TECHNICAL ADVANCE IMPROVES REFLOW PROCESS RELIABILITY AND CONSISTENCY
Author: Brad Bailey Company: Electrovert USA Corporation Date Published: 4/28/1997
Surface Mount International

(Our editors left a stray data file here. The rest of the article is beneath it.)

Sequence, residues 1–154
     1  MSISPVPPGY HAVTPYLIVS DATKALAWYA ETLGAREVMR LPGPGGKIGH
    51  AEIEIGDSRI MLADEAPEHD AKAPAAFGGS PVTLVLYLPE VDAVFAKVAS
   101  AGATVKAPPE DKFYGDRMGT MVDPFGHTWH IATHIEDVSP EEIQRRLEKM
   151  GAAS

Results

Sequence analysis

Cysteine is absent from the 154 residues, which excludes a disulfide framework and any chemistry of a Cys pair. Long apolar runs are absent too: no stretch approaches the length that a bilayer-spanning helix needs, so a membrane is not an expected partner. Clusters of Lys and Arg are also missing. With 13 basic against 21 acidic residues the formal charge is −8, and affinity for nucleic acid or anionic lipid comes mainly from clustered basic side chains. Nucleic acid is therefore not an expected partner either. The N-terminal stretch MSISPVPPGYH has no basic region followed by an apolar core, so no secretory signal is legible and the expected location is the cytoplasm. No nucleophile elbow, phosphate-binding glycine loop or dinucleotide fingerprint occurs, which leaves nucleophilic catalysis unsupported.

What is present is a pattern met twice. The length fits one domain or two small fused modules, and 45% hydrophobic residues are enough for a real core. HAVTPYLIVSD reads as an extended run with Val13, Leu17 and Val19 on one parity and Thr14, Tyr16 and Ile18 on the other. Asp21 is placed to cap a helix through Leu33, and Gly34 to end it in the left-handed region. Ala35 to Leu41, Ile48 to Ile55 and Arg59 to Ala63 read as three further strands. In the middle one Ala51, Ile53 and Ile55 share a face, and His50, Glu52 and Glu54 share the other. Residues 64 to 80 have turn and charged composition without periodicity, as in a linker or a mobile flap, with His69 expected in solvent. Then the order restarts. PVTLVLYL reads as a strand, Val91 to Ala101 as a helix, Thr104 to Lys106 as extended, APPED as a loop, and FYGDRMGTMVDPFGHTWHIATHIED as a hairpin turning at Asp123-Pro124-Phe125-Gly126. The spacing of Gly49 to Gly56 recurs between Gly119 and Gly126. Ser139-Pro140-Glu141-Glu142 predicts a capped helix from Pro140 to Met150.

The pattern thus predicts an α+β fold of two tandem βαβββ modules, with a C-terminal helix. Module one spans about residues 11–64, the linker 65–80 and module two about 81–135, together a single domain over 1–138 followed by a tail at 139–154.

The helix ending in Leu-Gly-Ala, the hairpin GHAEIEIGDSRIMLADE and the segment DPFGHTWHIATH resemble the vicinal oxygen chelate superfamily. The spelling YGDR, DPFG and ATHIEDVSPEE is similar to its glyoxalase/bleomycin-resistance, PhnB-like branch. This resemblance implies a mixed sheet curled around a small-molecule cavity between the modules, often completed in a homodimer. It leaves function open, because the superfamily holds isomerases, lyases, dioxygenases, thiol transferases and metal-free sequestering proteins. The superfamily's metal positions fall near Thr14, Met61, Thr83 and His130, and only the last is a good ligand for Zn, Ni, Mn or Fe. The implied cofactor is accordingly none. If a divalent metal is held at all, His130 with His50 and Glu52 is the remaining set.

Abstract: Trends in electronics assembly continually increase production numbers. Reliability- and maintainability of equipment in the production line is implicit in the concept of increasing throughput and profit margins. Capital cost of equipment is frequently less the half of the total life cycle cost. As a result maximum cost effectiveness is achieved only when equipment is designed with tenants of reliability and maintainability in mind. Cooling module performance is the primary weakness of many inert reflow oven designs, Most designs use a combination blower and heat exchanger to intake process gas, pass it through the heat exchanger, then direct the cool gas onto the product. Combination of high volume throughput and re-circulated atmosphere for nitrogen savings results in fouling of heat exchangers by flux components in the process gas. This effect is exacerbated by enhanced printability pastes which often leave viscous residues. Fouling of these systems over time leads to steady and uncontrolled loss of cooling performance. Lack of reflow process consistency and control results. Preventative maintenance is required when cooling performance reaches some minimal level. This causes frequent downtime; typically once per two to six week period for high volume production. Reliability and maintainability must be increased for better performance. A novel laminar gas stream cooling system addresses these problems. This system provides consistent cooling through out a greatly extended maintenance interval. This cooling technique was developed from failure modes and effects analysis (FMEA) of typical blower/heat exchanger cooling systems. This cooling technique utilizes physical sound principles based on mass flow and heat exchange to offset flux fouling of the cooling module. Keywords: reflow cooling, maintenance interval, cooling rate, microstructure, cost/benefit analysis.